Burkina Faso, Iran and Laos have achieved World Rugby full member status while Nepal and Panama become new associate members of the international federation.
At its virtual interim council meeting on Wednesday, World Rugby officially welcomed three unions as full members and two new unions as associate members of the international federation, bringing the global membership to 128 unions.
Burkina Faso, Iran and Laos have been awarded full member status having met all the relevant criteria, while Nepal and Panama become new associate members.
— Sir Bill Beaumont (@BillBeaumont) November 18, 2020
The expansion of the World Rugby membership follows the release of the ‘Global reach of rugby 2019’ report earlier this month, which is based on studies conducted by global measurement and data analytics industry leaders Nielsen. It found there are 877 million followers and 405m fans of rugby union worldwide in 2019, up 11% and 18% on 2018 figures, respectively.
The unprecedented growth has been driven by increases in women’s interest and participation in the sport along with surging enthusiasm in rugby’s emerging nations, with the number of rugby fans across the surveyed emerging nations up to 168m, almost doubling since 2013 when the data gathering began.
Across 36 surveyed markets, there were more than 140m female rugby fans in 2019, which marks a 29% increase since 2018, and Iran has been at the forefront of driving women’s rugby interest, with more women playing the sport than men. The number of registered players in Iran increased by 20% from 10,000 to 12,000 between 2019-20 and more than 7,000 of those are female.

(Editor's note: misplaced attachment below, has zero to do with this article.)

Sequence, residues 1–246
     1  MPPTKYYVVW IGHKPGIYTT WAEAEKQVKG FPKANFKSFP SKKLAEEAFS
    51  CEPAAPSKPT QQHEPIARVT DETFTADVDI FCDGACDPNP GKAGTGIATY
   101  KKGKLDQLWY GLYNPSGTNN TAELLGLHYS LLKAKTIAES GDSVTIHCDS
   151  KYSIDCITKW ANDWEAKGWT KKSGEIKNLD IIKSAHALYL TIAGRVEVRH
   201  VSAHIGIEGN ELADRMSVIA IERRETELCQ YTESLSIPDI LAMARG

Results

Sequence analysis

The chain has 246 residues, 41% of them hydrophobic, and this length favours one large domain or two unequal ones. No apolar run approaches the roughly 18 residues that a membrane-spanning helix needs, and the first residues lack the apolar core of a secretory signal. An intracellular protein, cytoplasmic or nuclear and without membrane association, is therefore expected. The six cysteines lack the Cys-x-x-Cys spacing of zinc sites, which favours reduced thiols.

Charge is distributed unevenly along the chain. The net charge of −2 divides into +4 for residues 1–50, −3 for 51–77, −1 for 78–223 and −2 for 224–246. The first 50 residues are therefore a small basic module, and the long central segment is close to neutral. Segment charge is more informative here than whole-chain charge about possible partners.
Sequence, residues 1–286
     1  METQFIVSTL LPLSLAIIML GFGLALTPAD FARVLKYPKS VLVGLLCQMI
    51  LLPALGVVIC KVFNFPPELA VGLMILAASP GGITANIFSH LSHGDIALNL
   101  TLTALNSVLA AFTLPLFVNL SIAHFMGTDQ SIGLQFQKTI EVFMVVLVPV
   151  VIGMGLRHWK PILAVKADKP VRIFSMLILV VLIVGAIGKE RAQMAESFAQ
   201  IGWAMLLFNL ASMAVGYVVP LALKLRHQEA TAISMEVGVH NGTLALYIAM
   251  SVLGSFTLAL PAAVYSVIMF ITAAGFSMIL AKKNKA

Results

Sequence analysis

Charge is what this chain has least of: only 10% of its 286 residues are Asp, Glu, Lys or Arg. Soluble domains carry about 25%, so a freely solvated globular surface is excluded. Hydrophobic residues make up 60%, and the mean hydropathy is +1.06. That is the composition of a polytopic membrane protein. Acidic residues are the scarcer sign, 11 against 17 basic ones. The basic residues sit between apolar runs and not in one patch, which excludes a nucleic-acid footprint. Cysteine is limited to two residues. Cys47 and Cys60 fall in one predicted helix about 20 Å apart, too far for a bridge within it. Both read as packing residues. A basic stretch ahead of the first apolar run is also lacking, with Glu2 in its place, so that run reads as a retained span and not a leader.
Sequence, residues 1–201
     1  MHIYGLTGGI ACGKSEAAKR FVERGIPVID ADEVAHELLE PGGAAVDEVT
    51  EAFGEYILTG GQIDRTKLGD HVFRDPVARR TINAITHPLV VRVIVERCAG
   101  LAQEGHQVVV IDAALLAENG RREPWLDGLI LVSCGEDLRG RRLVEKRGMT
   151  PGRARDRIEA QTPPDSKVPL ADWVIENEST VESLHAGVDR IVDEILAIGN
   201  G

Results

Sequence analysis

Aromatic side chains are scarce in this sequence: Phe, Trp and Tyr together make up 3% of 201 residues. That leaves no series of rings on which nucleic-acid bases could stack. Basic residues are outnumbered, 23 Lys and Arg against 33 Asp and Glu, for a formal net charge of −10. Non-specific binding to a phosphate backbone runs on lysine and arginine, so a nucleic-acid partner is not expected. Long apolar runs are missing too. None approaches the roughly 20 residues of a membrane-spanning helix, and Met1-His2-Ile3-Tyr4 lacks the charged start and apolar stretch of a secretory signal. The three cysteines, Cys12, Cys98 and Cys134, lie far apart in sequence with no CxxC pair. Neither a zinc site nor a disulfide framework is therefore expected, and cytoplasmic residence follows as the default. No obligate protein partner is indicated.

‘World Rugby is delighted to welcome Burkina Faso, Iran and Laos as new full members and Nepal and Panama as associate members as we continue our commitment to the sustainable global growth of the sport combined with strong governance,’ chairman Bill Beaumont said.
‘We are dedicated to increasing the breadth and diversity of the global game and the progress being made in countries such as these is a great tribute to the many talented coaches, administrators and volunteers involved in growing the sport across the emerging nations.
‘Increasing the interest, participation and executive positions for women in rugby is a key objective for World Rugby, so it is particularly pleasing to see the leading roles being played by women in both the Burkina Faso and Iran unions. As members of the World Rugby family we will work with these unions to provide them with continuous support and a solid framework to accelerate the growth of the sport in their countries.’
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